On September 4, 2008, in San Francisco, Matthew Avery Solomon, 23, my step-son, was dropped mid-smile (for he was with two friends) to the sidewalk by a bullet to the back of his head–some kind of neighborhood retaliatory act, or so I’ve heard, for some perceived or actual slight or injury or maybe even another death. I don’t know.
I do know in the agony that followed the homicide inspector’s call–I can’t recall her name, now–I struggled to understand the heart and mind of that masked young man and his companion who pulled the trigger that took away a son, a father, a friend, a co-worker–a poet, a promise. I could only come up with a heart and mind that was, and I imagine is still, without hope.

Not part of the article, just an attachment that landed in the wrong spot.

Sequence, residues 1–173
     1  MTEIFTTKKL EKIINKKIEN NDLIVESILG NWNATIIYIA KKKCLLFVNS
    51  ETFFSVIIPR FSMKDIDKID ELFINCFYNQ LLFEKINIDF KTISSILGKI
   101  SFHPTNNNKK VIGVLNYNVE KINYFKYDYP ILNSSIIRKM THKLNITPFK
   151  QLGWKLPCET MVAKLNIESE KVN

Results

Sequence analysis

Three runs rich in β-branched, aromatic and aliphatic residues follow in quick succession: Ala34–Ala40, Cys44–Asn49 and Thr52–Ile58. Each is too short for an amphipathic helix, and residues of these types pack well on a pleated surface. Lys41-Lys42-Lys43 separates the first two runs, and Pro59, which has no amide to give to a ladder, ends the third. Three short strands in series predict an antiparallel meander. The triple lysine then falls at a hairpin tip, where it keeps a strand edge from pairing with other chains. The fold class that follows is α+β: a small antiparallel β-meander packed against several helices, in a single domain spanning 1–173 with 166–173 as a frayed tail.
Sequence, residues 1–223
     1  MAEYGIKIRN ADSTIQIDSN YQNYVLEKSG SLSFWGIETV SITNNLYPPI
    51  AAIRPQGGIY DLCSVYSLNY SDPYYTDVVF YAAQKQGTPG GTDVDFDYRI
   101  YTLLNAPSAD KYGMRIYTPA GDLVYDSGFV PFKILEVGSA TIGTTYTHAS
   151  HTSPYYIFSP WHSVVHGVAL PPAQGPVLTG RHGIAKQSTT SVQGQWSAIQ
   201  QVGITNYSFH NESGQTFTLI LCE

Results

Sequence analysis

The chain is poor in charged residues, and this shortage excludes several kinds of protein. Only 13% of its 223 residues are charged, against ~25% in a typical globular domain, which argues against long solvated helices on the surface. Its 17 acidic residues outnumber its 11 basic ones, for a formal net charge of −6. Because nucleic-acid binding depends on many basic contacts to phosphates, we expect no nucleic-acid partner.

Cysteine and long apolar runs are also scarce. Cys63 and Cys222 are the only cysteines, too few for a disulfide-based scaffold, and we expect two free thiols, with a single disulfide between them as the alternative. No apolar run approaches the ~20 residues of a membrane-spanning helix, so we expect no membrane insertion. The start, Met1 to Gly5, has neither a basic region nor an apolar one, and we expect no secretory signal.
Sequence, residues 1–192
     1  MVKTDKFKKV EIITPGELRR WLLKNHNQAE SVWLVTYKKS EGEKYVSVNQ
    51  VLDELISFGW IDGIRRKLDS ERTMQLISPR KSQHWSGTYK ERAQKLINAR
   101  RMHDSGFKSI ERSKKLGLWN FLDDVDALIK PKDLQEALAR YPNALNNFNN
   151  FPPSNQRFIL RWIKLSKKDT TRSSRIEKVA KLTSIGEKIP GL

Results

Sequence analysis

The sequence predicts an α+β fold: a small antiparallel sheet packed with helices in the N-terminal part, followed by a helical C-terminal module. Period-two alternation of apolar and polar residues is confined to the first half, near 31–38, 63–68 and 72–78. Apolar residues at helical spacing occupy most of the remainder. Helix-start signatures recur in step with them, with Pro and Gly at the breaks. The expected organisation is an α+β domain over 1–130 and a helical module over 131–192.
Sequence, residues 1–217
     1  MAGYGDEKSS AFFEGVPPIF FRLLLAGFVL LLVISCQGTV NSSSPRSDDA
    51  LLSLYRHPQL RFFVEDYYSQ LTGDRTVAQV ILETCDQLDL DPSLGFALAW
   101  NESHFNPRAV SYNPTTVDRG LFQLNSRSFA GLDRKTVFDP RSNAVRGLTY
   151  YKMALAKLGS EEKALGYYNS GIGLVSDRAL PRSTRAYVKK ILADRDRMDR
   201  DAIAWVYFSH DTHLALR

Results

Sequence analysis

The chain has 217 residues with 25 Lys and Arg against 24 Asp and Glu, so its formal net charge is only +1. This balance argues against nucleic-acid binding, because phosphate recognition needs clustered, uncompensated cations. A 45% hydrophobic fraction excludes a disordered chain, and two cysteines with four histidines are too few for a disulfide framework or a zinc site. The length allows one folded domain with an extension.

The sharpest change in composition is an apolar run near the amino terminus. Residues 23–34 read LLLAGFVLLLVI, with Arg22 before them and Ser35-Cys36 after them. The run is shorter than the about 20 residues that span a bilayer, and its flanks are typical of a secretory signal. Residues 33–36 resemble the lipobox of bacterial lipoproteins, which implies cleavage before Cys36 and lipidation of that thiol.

I shared with Matt a love of language. We each, in our own way, used language to tell our stories and connect with others. Here is where I am today:
I hear the voice of fear
and I am afraid.
I hear the voice of hope
and I have hope.
I hear the silence of the voiceless,
and I weep—
for I know that silence
is shattered time and again,
time and again by the sound of shots—
and my child, our child,
lies dead on the street,
my street, our street
and I weep, I weep
for that loss
Yet, I live. I breathe and I speak
and though I weep
and though I am afraid
and lie awake in the dark of night,
I must not be silent.
My voice, quavering
as it sometimes may be,
must speak the certainty I know,
must be a voice for the voiceless,
must be a voice of hope.
This I believe.
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